Sara (Ohm) Hainzinger can attest to the commitment college rodeo takes and the community it provides. A native of Huron, Hainzinger started out riding her dad’s roping horse and attending 4-H rodeos when she was eight-years old. After competing in state high school rodeos, Hainzinger and Blackie, her black quarter horse, were on SDSU’s team from 1988-1992. Hainzinger’s definition of “ease” may differ from a lot of seniors moving away to college. “Being on the rodeo team made the college transition pretty easy,” says Hainzinger. “I had the South Dakota 4-H Finals Rodeo in Ft. Pierre the weekend I moved to SDSU. We left the rodeo, drove home to Huron, loaded my stuff for college, and headed to Brookings. While Misty (Korkow) and I were unpacking, people from the rodeo team came to our rooms to welcome us to SDSU.” While Blackie made a great college companion, he also increased Hainzinger’s workload. “Having a horse was a big responsibility because they had to be fed and watered two times a day – even when school was called off when the weather was bad,” says Hainzinger. “You didn't want to ask other people to do your chores because it made you look lazy.” Practice, team-building and academics were the rules of the ring. “My coach Tom Richter made sure the whole team was close knit,” says Hainzinger. “We not only practiced and traveled together as a team, he also made us do team aerobics, weight lifting and study sessions.”
Hainzinger says learning to juggle studying, rodeoing, and producing a major rodeo (SDSU’s team markets, sets up and tears down SDSU’s annual Jackrabbit Stampede) has served her well. Hainzinger and her husband Hank (a PRCA calf roper she met at the Dodge circuit Finals Rodeo in college) and their three kids own a cattle ranch in Ponca City, Oklahoma. “Rodeo has had a tremendous influence on my life,” she says. “I married a cowboy. Lifelong friends were made during those hot, dusty, long rodeo weekends in the 80s and 90s.” Hainzinger still counts former SDSU teammate Misty (Korkow) Clair and 1990 SDSU Rodeo Queen and 1992 Black Hills Stock Show Queen Brenda (Bryan) Johnson as her best friends.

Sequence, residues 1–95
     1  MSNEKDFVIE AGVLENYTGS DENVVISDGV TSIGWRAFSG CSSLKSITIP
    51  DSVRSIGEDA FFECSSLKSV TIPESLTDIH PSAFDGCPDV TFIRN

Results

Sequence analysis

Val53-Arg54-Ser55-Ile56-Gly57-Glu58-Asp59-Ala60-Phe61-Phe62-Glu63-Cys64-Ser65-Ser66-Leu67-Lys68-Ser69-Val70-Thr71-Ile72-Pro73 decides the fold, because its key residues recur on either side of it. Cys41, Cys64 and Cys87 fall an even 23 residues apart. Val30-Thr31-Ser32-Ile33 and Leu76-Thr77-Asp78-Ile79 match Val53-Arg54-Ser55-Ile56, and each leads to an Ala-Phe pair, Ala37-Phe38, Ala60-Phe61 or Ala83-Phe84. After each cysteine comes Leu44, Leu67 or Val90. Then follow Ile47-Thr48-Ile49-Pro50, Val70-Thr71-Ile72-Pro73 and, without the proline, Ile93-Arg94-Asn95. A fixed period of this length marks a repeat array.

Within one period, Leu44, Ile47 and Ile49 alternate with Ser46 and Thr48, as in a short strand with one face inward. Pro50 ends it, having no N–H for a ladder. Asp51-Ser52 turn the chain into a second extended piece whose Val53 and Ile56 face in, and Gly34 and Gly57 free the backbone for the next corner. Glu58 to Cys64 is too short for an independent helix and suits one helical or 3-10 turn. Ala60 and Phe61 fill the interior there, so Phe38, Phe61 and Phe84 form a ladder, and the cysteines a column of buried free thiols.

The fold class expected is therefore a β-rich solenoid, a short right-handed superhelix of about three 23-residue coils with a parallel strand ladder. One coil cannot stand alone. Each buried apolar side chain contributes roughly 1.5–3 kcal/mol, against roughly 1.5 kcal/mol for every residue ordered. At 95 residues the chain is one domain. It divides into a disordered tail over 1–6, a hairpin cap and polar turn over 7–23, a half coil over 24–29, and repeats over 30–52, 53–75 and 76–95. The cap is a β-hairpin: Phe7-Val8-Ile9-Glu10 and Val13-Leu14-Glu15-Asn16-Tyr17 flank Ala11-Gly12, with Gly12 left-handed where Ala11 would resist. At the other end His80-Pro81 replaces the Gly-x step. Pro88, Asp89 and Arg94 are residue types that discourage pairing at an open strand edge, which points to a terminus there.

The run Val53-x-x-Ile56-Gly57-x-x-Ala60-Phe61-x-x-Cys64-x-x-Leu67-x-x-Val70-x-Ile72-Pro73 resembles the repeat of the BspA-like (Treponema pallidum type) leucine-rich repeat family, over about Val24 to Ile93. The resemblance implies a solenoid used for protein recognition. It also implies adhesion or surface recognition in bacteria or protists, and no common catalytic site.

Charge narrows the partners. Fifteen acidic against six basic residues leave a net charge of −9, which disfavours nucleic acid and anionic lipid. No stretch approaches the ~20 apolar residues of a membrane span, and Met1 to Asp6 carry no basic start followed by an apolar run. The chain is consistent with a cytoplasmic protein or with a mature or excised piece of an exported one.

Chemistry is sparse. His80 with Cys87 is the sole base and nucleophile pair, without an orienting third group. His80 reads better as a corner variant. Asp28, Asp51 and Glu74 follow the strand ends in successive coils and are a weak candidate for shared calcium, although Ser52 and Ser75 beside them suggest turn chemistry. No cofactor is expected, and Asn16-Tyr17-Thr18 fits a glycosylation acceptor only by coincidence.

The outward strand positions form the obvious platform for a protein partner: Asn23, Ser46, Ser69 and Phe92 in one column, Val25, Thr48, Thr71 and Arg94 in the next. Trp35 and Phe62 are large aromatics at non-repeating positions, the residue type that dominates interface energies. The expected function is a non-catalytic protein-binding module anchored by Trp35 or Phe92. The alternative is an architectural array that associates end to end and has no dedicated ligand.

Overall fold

Watching high school rodeo finals, it’s hard to conceptualize the desire for more and harder work, but college can be a turning point for even die-hard riders who also want a degree. “When you come out of high school, it’s a dream to rodeo in college,” says Skovly. “By the time we get to the last rodeo in the fall, the dreams kind of change a little bit. Or being away from home, the class schedule and homework is a little different. It’s morning, noon, and night. And it’s not for everybody.”
Watch highlights from the 2017 South Dakota High School Rodeo Finals Thursday, July 6 at 8pm (7 MT) and Sunday, July 9, at 1pm (Noon MT) on SDPB1.
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South Dakota State High School Rodeo Championship programming is made possible with support from Black Hills Energy, Dacotah Bank, Toustone Energy Cooperative and Xcel Energy.